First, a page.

The recovery community is a subculture in that it has its own code of ethics, social norms, and even its own language. By that, I mean, there are terms and sayings that you will often hear in the rooms and in the addiction treatment setting that are specific to recovery. And one of those terms you will often hear about is ‘terminal uniqueness.’ Your therapist or sponsor might caution you at times that you think you are ‘terminally unique;’ something to be aware of and rectify as soon as possible. So, you may be wondering, “What is terminal uniqueness and do I have it?”
The concept of this term is basically this: people with a history of addiction often want to think that they are somehow different – unique – from other people with addiction and substance abuse issues. Addicts who want to tell themselves that they are different from other addicts often focus on the differences, rather than the similarities, between themselves and others. And this is dangerous territory.
Terminal uniqueness, also referred to as personal exceptionalism, is the false belief that your experiences with substance abuse are unlike anything any other addict or alcoholic has ever experienced and therefore would be unable to relate.
This isn’t to say that all individuals are the same, with no distinction for personality, experience, beliefs, and quirks. Of course, we are unique in these ways. But, when it comes to those who experience addiction, we have more things in common than not. And it’s of the utmost importance that we realize and accept this – the sooner the better.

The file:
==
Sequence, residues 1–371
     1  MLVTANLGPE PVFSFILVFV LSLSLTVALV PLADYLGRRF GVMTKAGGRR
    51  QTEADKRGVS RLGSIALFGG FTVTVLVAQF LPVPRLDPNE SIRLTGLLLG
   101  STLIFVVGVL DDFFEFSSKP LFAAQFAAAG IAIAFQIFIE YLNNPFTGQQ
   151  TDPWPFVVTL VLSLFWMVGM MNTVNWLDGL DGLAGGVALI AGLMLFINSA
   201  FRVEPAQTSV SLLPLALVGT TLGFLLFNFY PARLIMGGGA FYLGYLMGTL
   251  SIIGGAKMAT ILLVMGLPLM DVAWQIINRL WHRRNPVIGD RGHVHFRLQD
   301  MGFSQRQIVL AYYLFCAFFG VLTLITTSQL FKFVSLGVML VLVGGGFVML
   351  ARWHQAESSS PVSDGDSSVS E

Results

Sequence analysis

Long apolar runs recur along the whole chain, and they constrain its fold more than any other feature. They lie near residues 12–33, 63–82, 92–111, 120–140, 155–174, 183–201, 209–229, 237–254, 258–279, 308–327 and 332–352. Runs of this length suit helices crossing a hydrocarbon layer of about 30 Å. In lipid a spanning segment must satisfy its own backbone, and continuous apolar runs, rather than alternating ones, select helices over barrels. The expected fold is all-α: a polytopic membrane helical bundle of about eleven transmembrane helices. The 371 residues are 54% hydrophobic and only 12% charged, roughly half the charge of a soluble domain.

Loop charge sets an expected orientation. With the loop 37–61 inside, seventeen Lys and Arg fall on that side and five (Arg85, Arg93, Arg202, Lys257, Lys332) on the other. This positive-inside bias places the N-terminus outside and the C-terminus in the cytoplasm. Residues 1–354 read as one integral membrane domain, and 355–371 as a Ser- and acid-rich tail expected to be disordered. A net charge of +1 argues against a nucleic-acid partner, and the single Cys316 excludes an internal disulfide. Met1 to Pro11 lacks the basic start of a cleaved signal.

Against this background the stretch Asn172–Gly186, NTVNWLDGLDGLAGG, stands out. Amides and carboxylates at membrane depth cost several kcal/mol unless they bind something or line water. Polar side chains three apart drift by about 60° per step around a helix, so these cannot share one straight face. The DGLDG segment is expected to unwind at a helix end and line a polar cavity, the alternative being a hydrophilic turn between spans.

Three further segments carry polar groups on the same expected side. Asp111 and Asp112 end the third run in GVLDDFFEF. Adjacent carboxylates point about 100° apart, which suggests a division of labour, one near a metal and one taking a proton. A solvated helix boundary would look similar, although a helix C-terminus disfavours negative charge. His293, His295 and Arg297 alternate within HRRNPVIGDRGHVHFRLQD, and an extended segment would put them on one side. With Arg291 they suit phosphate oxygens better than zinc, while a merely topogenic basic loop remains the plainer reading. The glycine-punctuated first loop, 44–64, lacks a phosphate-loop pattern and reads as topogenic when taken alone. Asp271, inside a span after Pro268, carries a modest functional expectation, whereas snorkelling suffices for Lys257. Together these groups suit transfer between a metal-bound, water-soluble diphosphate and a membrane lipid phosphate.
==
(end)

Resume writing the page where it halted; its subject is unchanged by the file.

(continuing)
Now that you know the terminally unique definition, it’s important to recognize signs of this type of personal exceptionalism. Terminal uniqueness symptoms include:
Many people learn about being terminally unique in AA, where the dangers of this trait are discussed in depth.
The terminal part of this phrase comes from the very dangerous nature of this way of thinking; having this sort of belief has the potential of getting you killed. Sounds dramatic, I know. But, when you finally accept that the disease of addiction is a killer, then it makes a lot of sense to see how this line of thinking could be treacherous.
People who think that they are somehow an exception to the way the disease of addiction works, despite having had happen all the things that we know to be the consequences of addiction, are more likely to return to drinking and drugging because they think that, somehow, they will be able to control it this time. And because addiction is a chronic, progressive, relapsing disorder, the person will inevitably end up in the same – or worse – dire situation that brought them to consider recovery in the first place.
Unfortunately, the progressive aspect of the disease means that the addict’s personal demise happens much more quickly and puts them at a greater risk for death from a fatal overdose. In fact, there is a greater likelihood of fatal overdose after a relapse following a period of recovery. Much of this has to do with diminished tolerance: the addict has expectations of how much they can ‘safely’ use based on their past experience, prior to treatment. However, depending on the individual, such as body chemistry and metabolism rate, even a short stint in detox can lower their tolerance drastically. When they back out and use, they are likely to do too much, leading to overdose.
If an addict or alcoholic is unwilling to take advantage of the treatments or recovery programs offered because they are convinced that they are an exception to the rule, a special case, then it’s clear that they subscribe to the belief that they are terminally unique. This orientation towards therapeutic methods in treatment as well as towards their peers will cause a chasm between them and their ability to heal and recover. A person operating under this belief – of being somehow different, unscathed by addiction – will lead to clashes with those who are trying to help them.
Understanding the qualities of this condition can help you avoid falling into a trap of uniqueness. Addictive thinking worksheets and therapies can help you break free from this type of toxic perspective.
If you or someone you love is struggling with substance abuse or addiction or you have recently experienced a relapse, help is available. Call toll-free 1-844-422-6926 to speak directly with an Addiction Specialist. You are not alone.